Perfumes are composed of three notes: notes of the head (top notes), notes of the heart (middle notes), and notes of depth (base notes).
The top notes are the first notes you perceive, the most volatile and evaporate the fastest, hence the name ‘notes of the head’.
The middle note, or heart note, is the essence of the perfume. It’s a stronger scent that emerges as the perfume warms on the skin.
The base note, the strongest and richest fragrance, this surfaces and usually lasts for several hours. Each of the notes creates its own scent, yet blends with the others to create a fragrance.
The different notes of a perfume all blend to create an emotion and create harmony. Perfume notes that are not well balanced are not well accepted…
Here are some things to consider when choosing a good perfume: Choose a scent concentration, narrow down a scent family, research or ask others what kind of perfume they use, compare perfumes.
Floral/Sweet perfumes smell like freshly-cut flowers, the scents used in floral perfumes are rose, lavender, carnation, orange blossom etc. These are popular perfumes for women because of their sweet scent that most enjoy.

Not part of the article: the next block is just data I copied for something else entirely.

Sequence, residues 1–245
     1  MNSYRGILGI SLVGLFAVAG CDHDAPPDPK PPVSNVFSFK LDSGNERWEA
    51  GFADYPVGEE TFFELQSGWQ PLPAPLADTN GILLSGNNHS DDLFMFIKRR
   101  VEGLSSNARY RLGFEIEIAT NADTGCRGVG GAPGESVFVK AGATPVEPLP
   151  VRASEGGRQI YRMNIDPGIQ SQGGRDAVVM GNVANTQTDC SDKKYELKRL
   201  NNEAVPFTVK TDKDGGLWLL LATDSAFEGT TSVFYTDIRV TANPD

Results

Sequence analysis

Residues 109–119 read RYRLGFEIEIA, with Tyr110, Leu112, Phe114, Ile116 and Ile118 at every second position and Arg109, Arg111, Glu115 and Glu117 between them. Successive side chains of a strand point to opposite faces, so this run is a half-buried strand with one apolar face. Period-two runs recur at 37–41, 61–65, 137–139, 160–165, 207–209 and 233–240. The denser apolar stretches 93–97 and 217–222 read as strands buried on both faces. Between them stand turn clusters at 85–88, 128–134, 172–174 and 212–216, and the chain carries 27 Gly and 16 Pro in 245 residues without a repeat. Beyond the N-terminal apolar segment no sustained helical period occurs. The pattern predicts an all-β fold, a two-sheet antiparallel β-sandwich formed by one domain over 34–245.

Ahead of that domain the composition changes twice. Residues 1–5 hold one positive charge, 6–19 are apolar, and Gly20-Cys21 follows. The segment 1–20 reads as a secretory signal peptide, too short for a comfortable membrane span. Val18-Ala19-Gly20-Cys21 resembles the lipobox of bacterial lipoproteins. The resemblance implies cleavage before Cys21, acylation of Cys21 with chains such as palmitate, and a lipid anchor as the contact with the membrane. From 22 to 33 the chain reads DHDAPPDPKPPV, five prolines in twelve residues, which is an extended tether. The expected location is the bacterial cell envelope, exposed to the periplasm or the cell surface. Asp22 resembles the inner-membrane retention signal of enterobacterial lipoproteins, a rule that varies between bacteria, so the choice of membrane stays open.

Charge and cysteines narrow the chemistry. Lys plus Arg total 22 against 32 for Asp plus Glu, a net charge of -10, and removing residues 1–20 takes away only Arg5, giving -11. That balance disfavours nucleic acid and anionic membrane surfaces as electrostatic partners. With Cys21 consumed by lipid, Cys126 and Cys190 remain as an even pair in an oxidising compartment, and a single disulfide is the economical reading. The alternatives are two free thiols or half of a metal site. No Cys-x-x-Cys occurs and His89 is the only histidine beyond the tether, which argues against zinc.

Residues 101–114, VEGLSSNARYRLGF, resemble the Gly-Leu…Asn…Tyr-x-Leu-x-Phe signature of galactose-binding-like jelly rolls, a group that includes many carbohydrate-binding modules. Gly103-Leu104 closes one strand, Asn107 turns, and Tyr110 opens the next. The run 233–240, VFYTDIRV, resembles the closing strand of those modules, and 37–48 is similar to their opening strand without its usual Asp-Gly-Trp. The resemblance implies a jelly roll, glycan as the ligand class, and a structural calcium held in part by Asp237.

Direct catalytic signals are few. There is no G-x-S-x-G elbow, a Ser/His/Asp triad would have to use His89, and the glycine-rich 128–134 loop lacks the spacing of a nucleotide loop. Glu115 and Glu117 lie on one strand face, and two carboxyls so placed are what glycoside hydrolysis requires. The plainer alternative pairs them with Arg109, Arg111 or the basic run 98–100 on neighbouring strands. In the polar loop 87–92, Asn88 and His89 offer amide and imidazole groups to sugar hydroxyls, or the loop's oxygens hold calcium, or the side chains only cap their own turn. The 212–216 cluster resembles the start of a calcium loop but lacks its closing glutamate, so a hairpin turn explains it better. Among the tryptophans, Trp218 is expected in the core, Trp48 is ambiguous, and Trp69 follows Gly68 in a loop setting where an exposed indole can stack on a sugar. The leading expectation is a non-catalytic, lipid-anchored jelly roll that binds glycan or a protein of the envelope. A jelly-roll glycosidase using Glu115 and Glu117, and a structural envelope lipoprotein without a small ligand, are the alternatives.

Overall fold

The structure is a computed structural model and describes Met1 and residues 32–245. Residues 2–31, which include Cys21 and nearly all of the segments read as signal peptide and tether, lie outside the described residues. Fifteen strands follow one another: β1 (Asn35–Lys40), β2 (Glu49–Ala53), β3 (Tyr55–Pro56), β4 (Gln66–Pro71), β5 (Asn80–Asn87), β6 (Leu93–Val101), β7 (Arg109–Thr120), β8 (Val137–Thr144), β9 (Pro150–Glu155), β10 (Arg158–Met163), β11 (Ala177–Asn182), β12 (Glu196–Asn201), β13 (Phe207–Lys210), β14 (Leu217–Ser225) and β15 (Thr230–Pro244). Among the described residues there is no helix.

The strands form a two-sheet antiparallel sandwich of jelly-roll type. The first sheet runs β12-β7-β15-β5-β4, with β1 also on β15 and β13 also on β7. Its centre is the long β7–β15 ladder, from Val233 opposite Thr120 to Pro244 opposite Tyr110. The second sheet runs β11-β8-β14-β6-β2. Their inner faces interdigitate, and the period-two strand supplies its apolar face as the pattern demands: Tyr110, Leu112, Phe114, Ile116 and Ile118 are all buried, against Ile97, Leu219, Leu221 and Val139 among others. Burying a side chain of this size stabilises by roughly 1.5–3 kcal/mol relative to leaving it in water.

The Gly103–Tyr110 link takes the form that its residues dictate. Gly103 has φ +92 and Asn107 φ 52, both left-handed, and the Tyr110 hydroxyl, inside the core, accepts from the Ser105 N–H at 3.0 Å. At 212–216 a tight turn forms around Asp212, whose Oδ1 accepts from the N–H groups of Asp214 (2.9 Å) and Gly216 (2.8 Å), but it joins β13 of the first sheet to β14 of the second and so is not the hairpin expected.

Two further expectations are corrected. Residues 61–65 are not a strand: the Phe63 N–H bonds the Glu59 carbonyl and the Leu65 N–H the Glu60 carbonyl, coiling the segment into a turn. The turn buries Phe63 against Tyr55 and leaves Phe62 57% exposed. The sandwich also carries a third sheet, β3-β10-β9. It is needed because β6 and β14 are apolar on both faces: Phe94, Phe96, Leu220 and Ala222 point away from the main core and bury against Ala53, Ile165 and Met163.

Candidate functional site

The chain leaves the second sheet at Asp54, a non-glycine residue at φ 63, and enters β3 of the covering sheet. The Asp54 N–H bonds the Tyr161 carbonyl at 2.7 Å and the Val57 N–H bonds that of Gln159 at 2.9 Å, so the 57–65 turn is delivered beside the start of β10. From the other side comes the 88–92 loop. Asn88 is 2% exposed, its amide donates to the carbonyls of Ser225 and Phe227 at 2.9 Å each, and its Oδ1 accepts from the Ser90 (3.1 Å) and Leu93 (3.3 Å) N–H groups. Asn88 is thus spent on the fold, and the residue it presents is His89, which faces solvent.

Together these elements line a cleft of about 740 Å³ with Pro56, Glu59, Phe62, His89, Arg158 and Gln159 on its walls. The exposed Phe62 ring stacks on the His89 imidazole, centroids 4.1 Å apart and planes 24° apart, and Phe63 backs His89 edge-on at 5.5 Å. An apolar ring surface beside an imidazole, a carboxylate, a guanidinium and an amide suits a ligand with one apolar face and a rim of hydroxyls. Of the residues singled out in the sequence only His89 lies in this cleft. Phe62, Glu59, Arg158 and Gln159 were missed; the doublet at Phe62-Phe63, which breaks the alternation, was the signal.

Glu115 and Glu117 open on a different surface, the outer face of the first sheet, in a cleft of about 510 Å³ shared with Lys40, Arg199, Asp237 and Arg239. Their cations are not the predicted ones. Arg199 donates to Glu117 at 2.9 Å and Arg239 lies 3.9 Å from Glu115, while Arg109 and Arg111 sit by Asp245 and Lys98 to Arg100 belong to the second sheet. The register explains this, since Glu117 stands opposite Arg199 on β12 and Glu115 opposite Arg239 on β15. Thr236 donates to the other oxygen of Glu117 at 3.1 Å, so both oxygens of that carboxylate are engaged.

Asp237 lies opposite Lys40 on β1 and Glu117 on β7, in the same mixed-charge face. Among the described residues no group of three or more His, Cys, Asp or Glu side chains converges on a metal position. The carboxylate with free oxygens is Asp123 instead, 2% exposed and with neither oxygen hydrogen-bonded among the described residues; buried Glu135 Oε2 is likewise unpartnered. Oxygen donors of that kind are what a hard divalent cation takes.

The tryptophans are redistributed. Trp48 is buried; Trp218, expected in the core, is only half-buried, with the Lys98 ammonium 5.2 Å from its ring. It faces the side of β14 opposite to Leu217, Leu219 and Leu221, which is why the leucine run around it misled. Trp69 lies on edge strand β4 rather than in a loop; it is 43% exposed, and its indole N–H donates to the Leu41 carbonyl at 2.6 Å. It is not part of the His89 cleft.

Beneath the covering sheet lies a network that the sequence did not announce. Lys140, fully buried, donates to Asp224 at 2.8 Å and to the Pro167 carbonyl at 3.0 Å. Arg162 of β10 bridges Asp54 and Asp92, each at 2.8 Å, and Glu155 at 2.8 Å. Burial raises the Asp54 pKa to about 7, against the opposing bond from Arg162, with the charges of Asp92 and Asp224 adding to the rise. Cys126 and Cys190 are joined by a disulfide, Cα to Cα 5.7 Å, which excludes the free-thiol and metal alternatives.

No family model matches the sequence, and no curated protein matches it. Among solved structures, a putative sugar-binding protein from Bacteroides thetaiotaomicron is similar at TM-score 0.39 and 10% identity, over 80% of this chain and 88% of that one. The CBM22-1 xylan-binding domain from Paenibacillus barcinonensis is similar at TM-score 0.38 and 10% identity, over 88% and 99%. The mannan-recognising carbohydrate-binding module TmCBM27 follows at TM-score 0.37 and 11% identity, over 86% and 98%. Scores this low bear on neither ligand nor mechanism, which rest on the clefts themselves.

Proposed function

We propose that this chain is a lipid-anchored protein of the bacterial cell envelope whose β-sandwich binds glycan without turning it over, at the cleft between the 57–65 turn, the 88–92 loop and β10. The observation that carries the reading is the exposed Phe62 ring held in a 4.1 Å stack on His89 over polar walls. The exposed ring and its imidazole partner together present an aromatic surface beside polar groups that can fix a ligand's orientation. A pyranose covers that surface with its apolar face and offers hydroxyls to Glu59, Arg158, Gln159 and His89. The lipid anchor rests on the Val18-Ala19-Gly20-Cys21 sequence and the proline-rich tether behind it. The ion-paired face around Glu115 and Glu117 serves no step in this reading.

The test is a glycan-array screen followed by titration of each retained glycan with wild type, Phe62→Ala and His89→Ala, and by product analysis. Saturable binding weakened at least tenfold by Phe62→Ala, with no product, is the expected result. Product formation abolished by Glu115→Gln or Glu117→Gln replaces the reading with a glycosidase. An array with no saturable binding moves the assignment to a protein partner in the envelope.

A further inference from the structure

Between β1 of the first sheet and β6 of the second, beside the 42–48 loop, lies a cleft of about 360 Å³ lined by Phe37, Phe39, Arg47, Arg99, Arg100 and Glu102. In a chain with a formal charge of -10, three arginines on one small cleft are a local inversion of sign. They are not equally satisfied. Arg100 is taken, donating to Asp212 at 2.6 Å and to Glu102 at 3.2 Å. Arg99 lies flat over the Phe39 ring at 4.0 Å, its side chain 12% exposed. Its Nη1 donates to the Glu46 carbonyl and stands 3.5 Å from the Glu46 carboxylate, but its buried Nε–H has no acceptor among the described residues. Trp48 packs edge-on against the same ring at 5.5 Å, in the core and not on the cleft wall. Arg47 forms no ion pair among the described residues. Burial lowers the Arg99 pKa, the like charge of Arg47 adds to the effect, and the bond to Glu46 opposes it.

Citrus/Fruity perfumes smell like fruits, particularly citrus fruits like orange, grapefruit and lime, but also other fruit like apricot, apple or peach. In general these scents are bright and refreshing.
Oriental/Spicy perfumes smell musky and complex with spices like star anise, cinnamon and vanilla.
Woody/Chypre perfumes smell woody and earthy, these feature scents like agarwood, sandalwood, oakmoss and patchouli.
To help you in deciding which fragrances will work the best with your skin chemistry, scents should always be applied to your pulse points. Pulse points are where the blood vessels are closest to the skin’s surface and therefore give off more warmth. You should never test more than two or three scents at once. Throughout the day, smell the fragrances you are trying and even apply more on the same pulse point but on a different day for comparison. If the fragrance has a scent that you enjoy each time you test it, you may have just found a new perfume for your collection!